May 19, 2022

Charlie Doodle

Unique Art & Entertainment

Connecting through color, Paint the Tunnel event unites UNC students

4 min read

Walking along the path beneath 11th Avenue on November 5, you could feel the positive energy swirling throughout the 280-foot corridor that links the University of Northern Colorado’s east and west campuses.

In what is often a cold, clammy place, its walls stark white or traversed by scattershot graffiti tags, on that sunny day, interdisciplinary studies senior Grace Cheney’s vision for artwork uniting the university was unfolding in bold murals painted down the length of the 56-year-old tunnel.

Cheney, who is studying psychology and studio art, plans to pursue a career in pediatric art therapy. She hopes the murals will represent UNC’s diverse student body and campus community.

Mural by Emma Lilly and Jacoby Morciglio. (Photo credit Emily Kemme)

As Cheney’s senior project, UNC United: Connecting Through Color allowed students to design their own sections, but she encouraged participants to consider how conjoining panels could represent both the campus and the contributing artist.

“It worked, in part because of having a smaller color palate to unify the tunnel. You can still see the individualized works but they are in unison because of color,” Cheney said.

Working with faculty representative, John Lake, visiting director of UNC Galleries, Cheney made a public call for art and with Lake, juried the designs. Of 35 applications received, the project ended up filling 32 available spaces with 25 unique designs. Some students worked together to combine designs; others collaborated in groups to work on one mural.

The day-long event was funded from student fees and cost $2,000, covering paint, brushes, coffee and refreshments.

Photos of the completed tunnel beneath 11th Avenue connecting UNC’s east and west campuses. (Photo credit Emily Kemme)

Evan Welch, executive director of UNC’s Office of Student Life, said projects like this are what make the university unique. “We provide opportunities to develop a sense of belonging on campus, for students to find their niche with activities outside of classrooms that develop learning and growth.”

Welch said his office partners with students and other academic departments to provide funding for students to live out their passion. From the upcoming UNC African Students United’s Taste of Africa event at the Union Colony Civic Center later this month, to paying for sheet music or licensing for a play, “It’s a chance to live out a little of what they may do someday.”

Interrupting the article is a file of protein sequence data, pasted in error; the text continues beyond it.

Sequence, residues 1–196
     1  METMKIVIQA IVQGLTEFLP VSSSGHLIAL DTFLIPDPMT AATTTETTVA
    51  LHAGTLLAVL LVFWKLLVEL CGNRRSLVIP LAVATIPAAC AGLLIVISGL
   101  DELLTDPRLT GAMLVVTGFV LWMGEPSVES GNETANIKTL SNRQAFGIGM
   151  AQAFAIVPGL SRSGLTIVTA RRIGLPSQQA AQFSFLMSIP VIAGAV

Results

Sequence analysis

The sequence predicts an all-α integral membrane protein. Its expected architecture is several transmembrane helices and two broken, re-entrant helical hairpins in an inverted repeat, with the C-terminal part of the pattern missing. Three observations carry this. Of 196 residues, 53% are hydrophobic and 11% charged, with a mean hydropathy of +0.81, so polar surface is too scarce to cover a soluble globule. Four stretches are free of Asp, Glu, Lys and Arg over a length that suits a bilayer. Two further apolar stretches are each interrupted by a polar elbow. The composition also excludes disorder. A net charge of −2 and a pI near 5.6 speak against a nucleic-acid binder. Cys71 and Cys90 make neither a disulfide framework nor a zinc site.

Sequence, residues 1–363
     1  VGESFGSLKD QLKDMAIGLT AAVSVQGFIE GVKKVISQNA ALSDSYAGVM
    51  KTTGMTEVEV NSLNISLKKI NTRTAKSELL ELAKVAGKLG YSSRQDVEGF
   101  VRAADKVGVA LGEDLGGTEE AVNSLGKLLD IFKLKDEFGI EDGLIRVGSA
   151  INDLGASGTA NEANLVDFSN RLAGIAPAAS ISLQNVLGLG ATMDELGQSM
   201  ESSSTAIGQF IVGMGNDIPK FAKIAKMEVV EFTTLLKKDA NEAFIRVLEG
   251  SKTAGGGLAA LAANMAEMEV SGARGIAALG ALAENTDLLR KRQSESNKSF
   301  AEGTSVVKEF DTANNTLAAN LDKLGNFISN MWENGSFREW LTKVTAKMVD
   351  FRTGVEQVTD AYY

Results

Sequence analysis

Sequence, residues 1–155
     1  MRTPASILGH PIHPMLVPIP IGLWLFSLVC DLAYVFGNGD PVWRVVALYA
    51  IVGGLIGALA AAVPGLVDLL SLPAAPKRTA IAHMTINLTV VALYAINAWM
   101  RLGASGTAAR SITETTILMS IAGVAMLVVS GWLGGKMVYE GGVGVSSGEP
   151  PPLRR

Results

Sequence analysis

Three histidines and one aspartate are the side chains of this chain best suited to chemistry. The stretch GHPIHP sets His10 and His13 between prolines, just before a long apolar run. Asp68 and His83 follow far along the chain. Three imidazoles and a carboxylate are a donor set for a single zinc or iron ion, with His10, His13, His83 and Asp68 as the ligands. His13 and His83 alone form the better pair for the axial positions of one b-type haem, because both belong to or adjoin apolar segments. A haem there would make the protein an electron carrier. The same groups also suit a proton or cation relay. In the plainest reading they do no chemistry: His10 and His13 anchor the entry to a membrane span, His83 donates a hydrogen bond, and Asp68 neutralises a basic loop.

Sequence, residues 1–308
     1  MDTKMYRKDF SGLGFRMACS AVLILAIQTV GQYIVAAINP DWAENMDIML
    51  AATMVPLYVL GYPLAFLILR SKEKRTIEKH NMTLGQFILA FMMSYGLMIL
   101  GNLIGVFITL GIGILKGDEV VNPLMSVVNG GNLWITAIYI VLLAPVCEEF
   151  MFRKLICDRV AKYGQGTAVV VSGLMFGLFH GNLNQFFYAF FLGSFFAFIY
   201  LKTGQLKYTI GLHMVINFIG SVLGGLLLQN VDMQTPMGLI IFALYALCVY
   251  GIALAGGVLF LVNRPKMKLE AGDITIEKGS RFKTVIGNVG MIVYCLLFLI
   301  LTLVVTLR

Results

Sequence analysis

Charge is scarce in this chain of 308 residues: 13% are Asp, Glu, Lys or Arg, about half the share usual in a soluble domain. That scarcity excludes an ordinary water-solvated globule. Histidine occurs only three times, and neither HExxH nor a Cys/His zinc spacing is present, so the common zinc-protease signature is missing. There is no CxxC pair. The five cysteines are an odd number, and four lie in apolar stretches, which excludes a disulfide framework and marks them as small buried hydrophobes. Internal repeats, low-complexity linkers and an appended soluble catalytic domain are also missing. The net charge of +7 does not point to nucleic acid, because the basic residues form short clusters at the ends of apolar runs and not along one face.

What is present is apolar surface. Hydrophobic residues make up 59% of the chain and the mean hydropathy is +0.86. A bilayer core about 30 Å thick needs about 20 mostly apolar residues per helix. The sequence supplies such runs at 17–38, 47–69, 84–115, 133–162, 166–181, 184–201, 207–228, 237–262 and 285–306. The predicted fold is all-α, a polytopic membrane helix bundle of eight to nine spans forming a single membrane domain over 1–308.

This is not the first time the connector tunnel has been a student art focus, he said.

The tunnel was constructed in 1965, but the first effort to embellish it dates to April 8, 2010, when a collaboration between the UNC Program Council, fraternity and sorority life, student senate and other campus student leadership organizations worked to create a Bear Pride UNC mural. For the last ten years, tunnel painting events have occurred approximately every three years. A similar project had been discussed two years ago, but the pandemic interfered.

Welch acknowledges that when the tunnel is painted, it keeps the graffiti out. He believes that’s due to artistic respect for another’s art. It’s one of his favorite projects.

Photography student, Emma Lilly and Jacoby Morciglio, a psychology major, affix one of Lilly’s photos with wallpaper glue to the tunnel’s concrete walls. Lilly said the photos she takes are inspired by Greeley and its alleyways. They’re a little grungy.” (Photo credit Emily Kemme)

“There’s the excitement and passion from our theater, art and design students, and the importance of community art — being able to express oneself in a medium that’s not pen and paper, that’s not paint and canvas, it’s concrete beneath 11th Avenue.”

A wide range of study disciplines were represented by volunteer students.

Heather Diviness, a sophomore art education major, submitted a design entitled Summit Mountains. She was joined by Caroline LaPrade, an ASL & Interpreting major who said she loves to paint, and Zeah Loren, a senior acting major, who was inspired to join in even though she wasn’t attired for the potentially messy activity. “I happened to be walking by and saw there was some paint and wanted to do something with this new art installment,” Loren said.

Across the tunnel, photography student Emma Lilly and Jacoby Morciglio, a psychology major, affixed Lilly’s photos with wallpaper glue to the concrete walls. As they brushed glue over a photo Lilly titled, “Three Figures,” she explained the figures were ghosts — or a memory. “The photos I take are inspired by Greeley and its alleyways. They’re a little grungy.”

Photos of the completed tunnel beneath 11th Avenue connecting UNC’s east and west campuses. (Photo credit Emily Kemme)

Raquel Eduardo-Nuñez filled her space with two profiles facing each other, the sky a Pride flag. “There are different shades of skin tones falling from the sky,” she explained. “The message is spreading love from the sky, shouting it loud and proud. Everybody deserves love.”

Welch said watching other humans take pictures out of their minds is inspiring, and maybe there’s a bit of innocence. “To see the art is wonderful, but the straight up joy on the artist’s faces, the event is just as impactful as the art itself,” he said.

Cheney organized the painting event to be completed in one day because the tunnel is an accessibility point for students and she didn’t want it to be closed long. She hopes the art corridor represents both the students and campus community, while making the tunnel a safe, inviting environment.

Connecting through color: Paint the Tunnel event unites UNC students

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